It is not in anyone’s interest to stop this flow of data. Why wouldn’t you want to know about the mental states of people around you, from what they demonstrate? Let’s say your friend showed you his recent debit card purchases. You then notice that they just bought a bottle of Jack Daniels, a rope and some tranquilliser pills, maybe a gun. You might be concerned that they might want to top themselves. It would be perfectly reasonable to try talking them out of doing it. Like dressing up as a furry animal to have sex, buying Jack Daniels and rope and tranquilliser pills in combination is not inherently a concerning act. But you may question the underlying mental state which led them to that transaction in the first place. As concerned neighbours, we are obligated to look for clues, not disregard them. By desiring social repression, by calling for the explicit demonstration of drives to be subjugated, what Mrs Harrington is endorsing is the mandatory concealment of valuable, voluntarily surrendered details from all of us. Not very helpful. 

Let me now tackle the second branch of her statement. She argues that a culture which allows for unfettered expression of the collective id just doesn’t end well. Here she falls into the trap of fear; an instinctive “get it away from me” reaction which precludes more reasoned analysis. It seems clear that unfettered expression of the collective id can never possibly exist in the first place. It is hard to imagine social convention being completely abolished. Even political correctness, which Mrs Harrington also dislikes, is a form of social convention which institutes its own version of linguistic and behavioural repression. Humans will always create methods of deciding “in-groups.”  Even total disregard for convention can be interpreted as convention.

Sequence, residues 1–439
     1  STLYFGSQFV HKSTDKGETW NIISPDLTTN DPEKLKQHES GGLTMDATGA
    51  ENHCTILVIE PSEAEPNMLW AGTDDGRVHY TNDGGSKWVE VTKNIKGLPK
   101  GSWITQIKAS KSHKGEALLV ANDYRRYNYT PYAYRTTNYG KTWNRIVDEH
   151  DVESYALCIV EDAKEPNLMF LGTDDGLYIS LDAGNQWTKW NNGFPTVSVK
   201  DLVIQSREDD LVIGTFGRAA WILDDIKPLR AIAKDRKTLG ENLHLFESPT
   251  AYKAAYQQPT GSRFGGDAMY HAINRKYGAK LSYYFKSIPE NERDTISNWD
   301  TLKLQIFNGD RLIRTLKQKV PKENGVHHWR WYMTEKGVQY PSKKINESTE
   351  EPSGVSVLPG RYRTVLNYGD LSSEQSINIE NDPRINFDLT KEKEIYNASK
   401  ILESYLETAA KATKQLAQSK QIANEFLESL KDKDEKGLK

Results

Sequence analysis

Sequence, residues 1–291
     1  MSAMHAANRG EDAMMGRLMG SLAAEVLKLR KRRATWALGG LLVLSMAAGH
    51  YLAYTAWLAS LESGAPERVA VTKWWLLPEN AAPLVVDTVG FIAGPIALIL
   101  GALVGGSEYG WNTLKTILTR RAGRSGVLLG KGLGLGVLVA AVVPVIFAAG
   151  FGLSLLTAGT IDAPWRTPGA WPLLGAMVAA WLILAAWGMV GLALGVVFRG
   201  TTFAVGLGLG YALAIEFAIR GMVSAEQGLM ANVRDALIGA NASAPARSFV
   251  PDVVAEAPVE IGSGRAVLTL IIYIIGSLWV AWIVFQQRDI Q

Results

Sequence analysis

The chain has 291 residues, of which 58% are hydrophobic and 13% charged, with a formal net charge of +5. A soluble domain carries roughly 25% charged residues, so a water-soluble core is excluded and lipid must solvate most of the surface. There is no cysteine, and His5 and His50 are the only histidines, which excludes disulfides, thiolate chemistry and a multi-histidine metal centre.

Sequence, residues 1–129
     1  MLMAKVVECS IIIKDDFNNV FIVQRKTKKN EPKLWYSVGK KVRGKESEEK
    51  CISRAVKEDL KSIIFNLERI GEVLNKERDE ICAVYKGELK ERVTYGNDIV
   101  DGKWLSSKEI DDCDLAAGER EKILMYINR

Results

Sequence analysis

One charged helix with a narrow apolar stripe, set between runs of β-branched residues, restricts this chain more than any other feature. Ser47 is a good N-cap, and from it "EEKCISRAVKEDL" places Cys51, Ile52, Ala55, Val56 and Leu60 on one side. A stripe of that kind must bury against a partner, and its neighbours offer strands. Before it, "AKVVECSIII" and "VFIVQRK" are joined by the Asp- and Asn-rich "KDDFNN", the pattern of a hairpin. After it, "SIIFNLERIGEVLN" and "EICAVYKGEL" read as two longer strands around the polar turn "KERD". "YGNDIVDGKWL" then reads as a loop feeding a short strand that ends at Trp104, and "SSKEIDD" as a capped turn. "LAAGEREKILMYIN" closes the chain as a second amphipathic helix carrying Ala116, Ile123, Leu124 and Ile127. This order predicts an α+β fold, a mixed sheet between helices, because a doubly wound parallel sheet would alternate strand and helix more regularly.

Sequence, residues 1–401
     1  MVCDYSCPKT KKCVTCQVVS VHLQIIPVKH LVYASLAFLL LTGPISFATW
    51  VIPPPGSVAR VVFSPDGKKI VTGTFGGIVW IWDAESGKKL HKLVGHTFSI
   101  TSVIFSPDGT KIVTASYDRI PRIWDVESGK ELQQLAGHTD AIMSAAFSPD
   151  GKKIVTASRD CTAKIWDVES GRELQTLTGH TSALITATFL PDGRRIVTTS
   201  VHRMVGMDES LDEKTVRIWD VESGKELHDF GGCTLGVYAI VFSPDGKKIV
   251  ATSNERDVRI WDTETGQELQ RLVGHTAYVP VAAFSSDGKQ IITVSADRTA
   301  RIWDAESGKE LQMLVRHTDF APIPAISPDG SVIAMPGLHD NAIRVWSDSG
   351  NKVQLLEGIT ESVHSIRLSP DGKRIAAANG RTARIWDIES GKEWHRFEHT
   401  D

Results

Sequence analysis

What we’re actually discussing here is a question of method rather than a question of degree. How many routes should be available for the individual to act on their impulses, given the existence of convention? This is where principles of localised risk come into play. Actions that affect others directly probably shouldn’t be allowed, given that the truth they convey to the rest of society is overshadowed by the harm done. This is why we ban torts, crimes and all other forms of wrong towards others. I can’t kill you in a fit of rage. People will know I have murderous tendencies, but at the cost of someone’s life. But what about actions that only affect the individual concerned, which localise risk? Like dressing up as an animal, or watching hardcore porn. Mrs Harrington wishes those banned as well. I disagree. I believe that the usefulness of such acts to the rest of us in the form of information completely outweighs the discomfort they may induce as well. Moreover, discomfort is useful in and of itself. After all, we learn best through subtraction rather than addition. It’s a good signalling mechanism for us to refrain from the act, or indeed from association with the person concerned. 

Repression is not only misguided – it’s a recipe for disaster. I should be able to realise how weird you are. And you should be able to realise how weird I am. Desires are not created out of thin air; they are mapped onto tangible instances in the world. To hide this process is to deliberately distort our exercise of human association and virtue honing. Just like the young woman with the iPad, we need more information about the world around us, not less, in order to make real decisions about our lives.